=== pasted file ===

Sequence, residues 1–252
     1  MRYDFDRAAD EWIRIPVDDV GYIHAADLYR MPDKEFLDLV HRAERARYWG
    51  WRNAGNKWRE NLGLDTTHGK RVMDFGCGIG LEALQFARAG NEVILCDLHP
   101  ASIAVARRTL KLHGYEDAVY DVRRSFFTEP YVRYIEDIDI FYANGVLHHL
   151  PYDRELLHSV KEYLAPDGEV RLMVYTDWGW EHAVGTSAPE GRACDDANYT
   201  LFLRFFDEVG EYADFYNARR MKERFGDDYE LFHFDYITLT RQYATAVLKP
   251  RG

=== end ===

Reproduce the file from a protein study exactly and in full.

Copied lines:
Sequence, residues 1–252
     1  MRYDFDRAAD EWIRIPVDDV GYIHAADLYR MPDKEFLDLV HRAERARYWG
    51  WRNAGNKWRE NLGLDTTHGK RVMDFGCGIG LEALQFARAG NEVILCDLHP
   101  ASIAVARRTL KLHGYEDAVY DVRRSFFTEP YVRYIEDIDI FYANGVLHHL
   151  PYDRELLHSV KEYLAPDGEV RLMVYTDWGW EHAVGTSAPE GRACDDANYT
   201  LFLRFFDEVG EYADFYNARR MKERFGDDYE LFHFDYITLT RQYATAVLKP
   251  RG